Doctor H. Arief Rachman – part one
By ANDREW GREENE
Tuesday, 17 June, 2007, 8:17 PM Local Time
In fact, with his recent appointment to Diponegoro junior, high, and vocational schools adding to his work as a Universitas Negeri Jakarta (State University of Jakarta) lecturer along with his duties as the Executive Chairman of the Indonesia National Commission of UNESCO, his frankness is clear as he claims the word retirement holds scant desirability for him.
He says, “I do not understand the meaning. Perhaps there is status in the word. For me, I think I will be busier in my old days, because at that age it isn’t just about implementation, but about inspiration.”
Sleep, at times, does not find the grandfather of three easily. Thirty-six of his high school senior students had recently failed their national examinations and he says, “I couldn’t anticipate whether I’d have the courage or not to face them. I knew it was to be hard and it kept me awake at night.”
However, meet them he did, saying, “I am trying to build a system that teaches honesty is most important. When you fail, you fail.”
This commitment to integrity is important to the man. Before he joined Diponegoro half a year back, he declared “if I am wanted in this school, honesty is on top of everything. True, the final exam results are sad and quite low but… you’ve got to perform according to what you are and failing is OK.”
Rachman believes dishonesty is rampant in lower-income schools with tests being marked up and reports falsified. He does not understand how the schools can have 99% or 100% final examination pass rates.
“Corruption in education is largely uncontrolled,” he says, “lots of teachers enjoy doing wrong practices. We’ve got to keep echoing to everybody that this is wrong. I’d like to call on my fellow teachers to be honest. Do not make up scores or reports.”
The educator feels that it is the final examinations that breed problems and dishonesty. “We need to go back to the essential and ask what we are evaluating. Marks, final exams or students progress over the years? A student’s continuous evaluation should be considered as a basic criterion of passing. So no national government rules should be the only criteria for passing.”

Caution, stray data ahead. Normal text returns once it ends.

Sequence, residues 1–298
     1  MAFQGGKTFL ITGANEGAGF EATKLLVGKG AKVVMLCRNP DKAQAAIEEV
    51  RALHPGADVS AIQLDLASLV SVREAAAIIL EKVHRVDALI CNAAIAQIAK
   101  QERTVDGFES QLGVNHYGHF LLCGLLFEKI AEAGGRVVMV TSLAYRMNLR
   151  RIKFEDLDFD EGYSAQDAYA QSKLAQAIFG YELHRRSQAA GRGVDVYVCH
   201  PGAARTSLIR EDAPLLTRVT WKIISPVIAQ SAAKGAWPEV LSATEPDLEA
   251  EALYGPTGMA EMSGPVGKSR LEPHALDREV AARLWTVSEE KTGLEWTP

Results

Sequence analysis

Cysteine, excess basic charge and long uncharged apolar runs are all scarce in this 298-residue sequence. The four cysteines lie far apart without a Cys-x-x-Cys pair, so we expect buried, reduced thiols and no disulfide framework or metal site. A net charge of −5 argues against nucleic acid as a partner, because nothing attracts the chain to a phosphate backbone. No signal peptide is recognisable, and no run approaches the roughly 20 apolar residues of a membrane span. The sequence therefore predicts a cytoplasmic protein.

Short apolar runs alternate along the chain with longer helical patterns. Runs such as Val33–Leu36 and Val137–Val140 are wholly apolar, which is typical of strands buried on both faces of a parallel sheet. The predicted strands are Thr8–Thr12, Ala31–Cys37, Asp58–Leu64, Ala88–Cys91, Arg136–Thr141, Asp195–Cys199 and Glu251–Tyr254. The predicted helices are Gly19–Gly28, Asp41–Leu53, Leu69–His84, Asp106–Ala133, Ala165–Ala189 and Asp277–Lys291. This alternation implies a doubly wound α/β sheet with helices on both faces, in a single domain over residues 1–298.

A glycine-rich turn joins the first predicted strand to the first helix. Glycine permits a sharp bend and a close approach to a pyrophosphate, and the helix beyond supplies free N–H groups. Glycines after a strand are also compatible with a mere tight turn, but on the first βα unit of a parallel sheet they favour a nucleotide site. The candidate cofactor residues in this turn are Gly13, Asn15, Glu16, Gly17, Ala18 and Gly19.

Explaining, Rachman continues, “In Banda Aceh, 32 teachers were killed in the tsunami and entire schools destroyed. The students were living in tents and suddenly it was demanded that they meet the same criteria as those in Block M. This is very illogical.”
The youthful-looking, eternally-smiling lecturer is a realist and understands the need for examinations. He says he knows there is a need for student evaluation, but believes the examinations “are causing people to worry, and does not make them aware. Our education is fonder of competition with ranking, putting people in blocks, not together as one.”
He warns, “Unless the government gives realistic criteria for passing grades, people will try to find shortcuts instead of being true; people will try to be safe. This principal has got to be abolished. I’d like to change it by giving guidelines to schools and then letting the teachers and headmasters decide who’ll pass and then demand all teachers and headmasters are honest.”
Rachman believes that this desire to be safe at the expense of being true “comes from the discrepancy between the haves and have nots, [from] the big gorge growing between the clever and the slow learners. I am afraid,” he says, “the clever and the rich will have better facilities and will go up and up while the slow and poor will sink down and down, although our constitution and our laws of education do not agree with this.”
“Our philosophy in
Rachman says he was drawn to Diponegoro for the opportunity to assist those that face such dilemmas. He says that 75% of his students come from poor families, the children of our maids, guards, laundresses, walking food hawkers.
“It attracted me,” he says, “because the students come from the lower financial classes and I’ve discovered that although intellectual input is not very high, financial input is not very high and the salaries of our teachers average just five to six hundred thousand rupiah a month, the schools have about 3,000 students in total.”
“I am also attracted to the schools because the students are so enthusiastic to go to school, although I do not think many of them have healthy support at home. They’ve got to fight for their lives.”
He leans back, pushes his fingers through his full-head of salted hair and remembers, “I asked one student why he wasn’t wearing a belt and he replied, ‘This is Tuesday. It’s my father’s day to wear the belt.’” During the interview the professor shares similar one-belt family stories about shoes and study materials.
“I do not feel we have addressed them well and I do not think we have paid enough attention to these kinds of schools. I imagine these types dominate all schools in
He is proud of Diponegoro’s progress thus far. “When our students finish they have strong confidence to face all our challenges.”
The good doctor was gracious enough to invite me into his Rawamangun home for more than an hour as he readily shared his thoughts. On Words next installment will continue the interview, with the professor’s words about building a progressive school culture, the role of indigenous and foreign languages in Indonesia, his decade as a English quiz show host on television, and the two times he was imprisoned.
This article was originally published in The